Samsung EX1 compact camera
Robust, retro, low light performer
I love the fact that the EX1 offers an 80 ISO setting – harking back to a time where 1/3 stop difference in film sensitivity meant something. Here, I suspect it is un-noticeable, but clearly classy. A lens cap too. Oh dear, that isn't going to last too long. But again harks back to a simpler time, when lenses were not auto focus, and didn't need 2secs to get ready.
The articulating LCD panel gives good results even in bright sunlight
The EX1 also shoots RAW, but alas, not a RAW format that programs like Adobe’s Lightroom understand. It’s Samsung’s own variant and the company provides its own RAW converter software to allow images to be saved as TIFF or JPEG files. Still, if you are shooting in RAW the supplied software does deliver, provided you have a Windows PC. Mac users would be advised to stick to shooting JPEG files.
When shooting, the controls are in great places – your thumb can operate the wheels on top, your forefinger the shutter wheel on the front. Aperture is the wheel on the back, which is a bit flimsy though. One quick feature is the Fn button, which will get you to the options available in your Mode. Be it white balance, face detection or picture quality. There is a dedicated button on the back for jumping between the metering modes – always good to have that as an option.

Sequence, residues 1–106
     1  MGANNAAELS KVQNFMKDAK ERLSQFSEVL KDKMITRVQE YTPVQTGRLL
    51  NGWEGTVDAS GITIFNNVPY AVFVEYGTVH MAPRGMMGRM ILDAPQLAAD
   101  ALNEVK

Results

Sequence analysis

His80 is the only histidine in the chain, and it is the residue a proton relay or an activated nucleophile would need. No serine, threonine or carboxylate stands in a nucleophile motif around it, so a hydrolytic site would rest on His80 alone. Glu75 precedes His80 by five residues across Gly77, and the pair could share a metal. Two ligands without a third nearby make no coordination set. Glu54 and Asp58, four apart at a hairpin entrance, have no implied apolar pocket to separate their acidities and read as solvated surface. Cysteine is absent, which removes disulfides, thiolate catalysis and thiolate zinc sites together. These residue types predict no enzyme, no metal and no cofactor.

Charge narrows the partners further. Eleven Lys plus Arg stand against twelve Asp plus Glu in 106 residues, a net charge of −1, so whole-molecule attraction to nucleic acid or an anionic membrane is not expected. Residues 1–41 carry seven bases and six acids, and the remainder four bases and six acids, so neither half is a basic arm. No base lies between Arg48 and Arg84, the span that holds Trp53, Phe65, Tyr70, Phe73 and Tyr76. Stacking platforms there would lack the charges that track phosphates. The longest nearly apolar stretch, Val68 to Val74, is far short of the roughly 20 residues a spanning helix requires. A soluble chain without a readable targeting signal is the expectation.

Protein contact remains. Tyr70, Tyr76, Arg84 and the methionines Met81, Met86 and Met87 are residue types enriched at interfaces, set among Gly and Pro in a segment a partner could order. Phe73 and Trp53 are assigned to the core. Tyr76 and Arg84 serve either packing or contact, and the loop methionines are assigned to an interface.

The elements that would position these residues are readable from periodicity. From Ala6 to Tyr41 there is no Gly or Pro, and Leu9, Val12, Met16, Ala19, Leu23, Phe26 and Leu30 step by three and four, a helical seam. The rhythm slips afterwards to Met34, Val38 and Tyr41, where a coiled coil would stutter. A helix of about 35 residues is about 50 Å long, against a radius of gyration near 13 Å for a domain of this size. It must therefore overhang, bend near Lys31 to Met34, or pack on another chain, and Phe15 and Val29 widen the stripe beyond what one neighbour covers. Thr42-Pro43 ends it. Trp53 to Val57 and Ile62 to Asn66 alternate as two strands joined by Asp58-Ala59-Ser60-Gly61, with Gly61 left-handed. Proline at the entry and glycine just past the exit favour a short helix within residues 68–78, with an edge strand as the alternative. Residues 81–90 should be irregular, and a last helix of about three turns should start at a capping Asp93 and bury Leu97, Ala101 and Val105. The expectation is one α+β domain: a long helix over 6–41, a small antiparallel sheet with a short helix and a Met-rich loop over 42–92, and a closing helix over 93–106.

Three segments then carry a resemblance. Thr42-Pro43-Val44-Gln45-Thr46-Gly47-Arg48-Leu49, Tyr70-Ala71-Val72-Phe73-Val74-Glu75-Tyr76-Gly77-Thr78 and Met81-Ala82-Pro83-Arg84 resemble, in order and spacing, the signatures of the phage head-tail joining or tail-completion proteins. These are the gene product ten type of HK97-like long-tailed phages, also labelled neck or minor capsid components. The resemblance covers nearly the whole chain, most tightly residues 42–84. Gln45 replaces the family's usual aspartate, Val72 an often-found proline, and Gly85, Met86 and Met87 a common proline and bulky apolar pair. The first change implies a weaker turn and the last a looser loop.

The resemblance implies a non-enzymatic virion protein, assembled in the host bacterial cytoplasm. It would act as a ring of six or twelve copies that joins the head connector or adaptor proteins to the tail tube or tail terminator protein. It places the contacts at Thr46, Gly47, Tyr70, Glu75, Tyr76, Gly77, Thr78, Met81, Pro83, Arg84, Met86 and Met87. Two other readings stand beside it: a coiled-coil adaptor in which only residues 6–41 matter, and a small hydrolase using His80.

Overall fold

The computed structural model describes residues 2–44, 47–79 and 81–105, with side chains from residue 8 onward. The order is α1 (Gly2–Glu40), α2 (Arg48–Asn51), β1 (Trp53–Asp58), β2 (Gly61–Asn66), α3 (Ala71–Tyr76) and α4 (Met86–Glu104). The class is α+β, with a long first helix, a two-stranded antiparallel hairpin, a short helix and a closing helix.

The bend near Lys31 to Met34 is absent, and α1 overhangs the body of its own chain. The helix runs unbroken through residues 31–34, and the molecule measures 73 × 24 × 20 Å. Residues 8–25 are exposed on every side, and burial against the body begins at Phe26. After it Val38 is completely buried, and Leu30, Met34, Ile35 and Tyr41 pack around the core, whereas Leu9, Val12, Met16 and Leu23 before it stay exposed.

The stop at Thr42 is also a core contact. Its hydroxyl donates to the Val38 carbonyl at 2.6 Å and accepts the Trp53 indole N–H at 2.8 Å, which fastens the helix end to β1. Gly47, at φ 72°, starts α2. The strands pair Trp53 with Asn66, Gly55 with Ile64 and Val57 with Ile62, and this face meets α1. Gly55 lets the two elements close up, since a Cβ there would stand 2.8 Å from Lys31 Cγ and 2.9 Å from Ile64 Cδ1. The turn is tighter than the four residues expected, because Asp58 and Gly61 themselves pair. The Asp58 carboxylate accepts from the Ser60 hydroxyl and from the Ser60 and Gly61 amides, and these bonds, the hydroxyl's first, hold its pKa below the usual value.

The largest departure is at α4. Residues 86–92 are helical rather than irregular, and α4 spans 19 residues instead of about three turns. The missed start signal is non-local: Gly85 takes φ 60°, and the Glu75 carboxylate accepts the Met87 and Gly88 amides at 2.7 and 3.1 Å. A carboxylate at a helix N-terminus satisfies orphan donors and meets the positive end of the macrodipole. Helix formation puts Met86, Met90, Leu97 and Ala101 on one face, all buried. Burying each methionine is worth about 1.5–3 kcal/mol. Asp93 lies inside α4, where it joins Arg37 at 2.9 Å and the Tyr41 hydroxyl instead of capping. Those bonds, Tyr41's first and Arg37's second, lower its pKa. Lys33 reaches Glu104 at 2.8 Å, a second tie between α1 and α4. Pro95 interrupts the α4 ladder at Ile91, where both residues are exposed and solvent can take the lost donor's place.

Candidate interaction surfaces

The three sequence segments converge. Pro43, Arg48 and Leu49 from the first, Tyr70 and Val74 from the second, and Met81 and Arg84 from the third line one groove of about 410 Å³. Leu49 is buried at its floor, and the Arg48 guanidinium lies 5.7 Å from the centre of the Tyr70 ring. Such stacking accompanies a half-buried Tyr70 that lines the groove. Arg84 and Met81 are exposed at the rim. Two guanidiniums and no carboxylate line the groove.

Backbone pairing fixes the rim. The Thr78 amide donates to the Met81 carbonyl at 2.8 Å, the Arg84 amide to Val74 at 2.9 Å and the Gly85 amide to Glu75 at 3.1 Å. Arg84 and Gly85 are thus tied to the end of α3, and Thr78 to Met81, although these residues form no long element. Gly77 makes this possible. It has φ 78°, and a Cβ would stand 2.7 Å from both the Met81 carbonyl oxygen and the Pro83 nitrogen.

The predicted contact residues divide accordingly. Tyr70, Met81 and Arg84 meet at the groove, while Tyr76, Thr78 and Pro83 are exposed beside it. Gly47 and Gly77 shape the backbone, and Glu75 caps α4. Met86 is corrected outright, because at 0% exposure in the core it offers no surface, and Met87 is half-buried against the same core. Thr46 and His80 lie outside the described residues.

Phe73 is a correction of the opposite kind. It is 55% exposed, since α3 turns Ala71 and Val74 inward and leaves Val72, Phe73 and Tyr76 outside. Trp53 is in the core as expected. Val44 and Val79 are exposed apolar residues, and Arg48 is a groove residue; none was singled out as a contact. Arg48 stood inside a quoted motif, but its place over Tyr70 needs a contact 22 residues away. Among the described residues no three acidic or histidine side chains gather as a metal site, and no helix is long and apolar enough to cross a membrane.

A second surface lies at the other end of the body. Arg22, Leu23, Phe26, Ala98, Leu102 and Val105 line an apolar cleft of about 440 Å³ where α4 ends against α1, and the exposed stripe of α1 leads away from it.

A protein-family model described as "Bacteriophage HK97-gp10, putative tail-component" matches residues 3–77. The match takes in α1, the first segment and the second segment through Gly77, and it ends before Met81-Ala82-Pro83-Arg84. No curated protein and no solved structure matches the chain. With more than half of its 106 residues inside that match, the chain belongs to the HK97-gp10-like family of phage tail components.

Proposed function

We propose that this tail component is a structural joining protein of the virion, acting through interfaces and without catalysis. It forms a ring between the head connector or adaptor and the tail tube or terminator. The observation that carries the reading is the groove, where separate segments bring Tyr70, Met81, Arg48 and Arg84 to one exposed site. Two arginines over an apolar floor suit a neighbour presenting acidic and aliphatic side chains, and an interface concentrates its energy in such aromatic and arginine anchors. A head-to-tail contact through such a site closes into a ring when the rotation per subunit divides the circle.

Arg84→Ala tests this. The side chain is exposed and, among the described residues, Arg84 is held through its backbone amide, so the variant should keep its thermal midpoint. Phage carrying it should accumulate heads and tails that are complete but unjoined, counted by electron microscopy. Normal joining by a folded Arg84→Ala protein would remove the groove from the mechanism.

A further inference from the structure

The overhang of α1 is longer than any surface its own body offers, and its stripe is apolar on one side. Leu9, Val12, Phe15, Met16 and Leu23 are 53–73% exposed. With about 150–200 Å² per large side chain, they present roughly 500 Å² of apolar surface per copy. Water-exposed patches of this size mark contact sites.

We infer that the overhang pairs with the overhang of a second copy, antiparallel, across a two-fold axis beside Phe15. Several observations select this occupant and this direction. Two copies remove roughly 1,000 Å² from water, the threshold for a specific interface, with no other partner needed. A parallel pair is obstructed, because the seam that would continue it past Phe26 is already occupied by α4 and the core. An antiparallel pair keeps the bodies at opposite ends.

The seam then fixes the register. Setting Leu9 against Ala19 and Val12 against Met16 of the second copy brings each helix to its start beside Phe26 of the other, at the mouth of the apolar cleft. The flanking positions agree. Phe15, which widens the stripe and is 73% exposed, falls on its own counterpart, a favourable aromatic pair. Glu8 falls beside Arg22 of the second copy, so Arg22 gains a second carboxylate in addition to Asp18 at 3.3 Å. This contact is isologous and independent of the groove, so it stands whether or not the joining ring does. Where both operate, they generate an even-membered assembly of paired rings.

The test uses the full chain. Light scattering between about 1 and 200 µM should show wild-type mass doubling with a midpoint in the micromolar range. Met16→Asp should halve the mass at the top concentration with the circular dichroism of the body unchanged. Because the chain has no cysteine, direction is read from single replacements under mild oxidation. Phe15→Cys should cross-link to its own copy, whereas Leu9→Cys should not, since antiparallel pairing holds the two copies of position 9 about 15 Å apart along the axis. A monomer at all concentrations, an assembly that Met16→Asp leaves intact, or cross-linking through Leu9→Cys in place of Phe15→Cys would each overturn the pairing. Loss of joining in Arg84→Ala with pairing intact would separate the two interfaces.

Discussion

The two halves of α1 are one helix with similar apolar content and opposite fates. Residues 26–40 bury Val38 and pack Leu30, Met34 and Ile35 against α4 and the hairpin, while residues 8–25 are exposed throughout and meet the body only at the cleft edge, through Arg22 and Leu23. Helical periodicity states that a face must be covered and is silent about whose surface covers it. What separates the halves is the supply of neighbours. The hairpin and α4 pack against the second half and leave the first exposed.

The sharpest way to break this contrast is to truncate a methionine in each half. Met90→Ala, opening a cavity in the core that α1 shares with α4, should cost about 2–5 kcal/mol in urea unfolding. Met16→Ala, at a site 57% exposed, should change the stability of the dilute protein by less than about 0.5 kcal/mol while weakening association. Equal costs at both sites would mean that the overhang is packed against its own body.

Admittedly, I started off using this camera in full auto and wasn't impressed with its operating speed. So much so, that I didn't want to pick it up and take it places. But boy did I need to delve a little deeper. The manual mode alone with this lens is enough to try this camera out.
Forget flash, even though it has a pop-up, you won’t need it. With a little bit of prep time you can get everything perfect. While noise inevitably creeps in the higher you go, the EX1 delivers respectable shots at ISO 800 – it maxes out at ISO 3200 – and if you can't make use of the effective four stops of light you get with the lens, then stop shooting in no light.
Flash is there if you really need it
There are some nice trick effects including fisheye and miniature which are great fun. The other treatments: sketchy, negative and the colour shifts are dreadful. I can't imagine why they are on here. Surely this style of in-camera editing belongs on a phone camera, where you can share images immediately.
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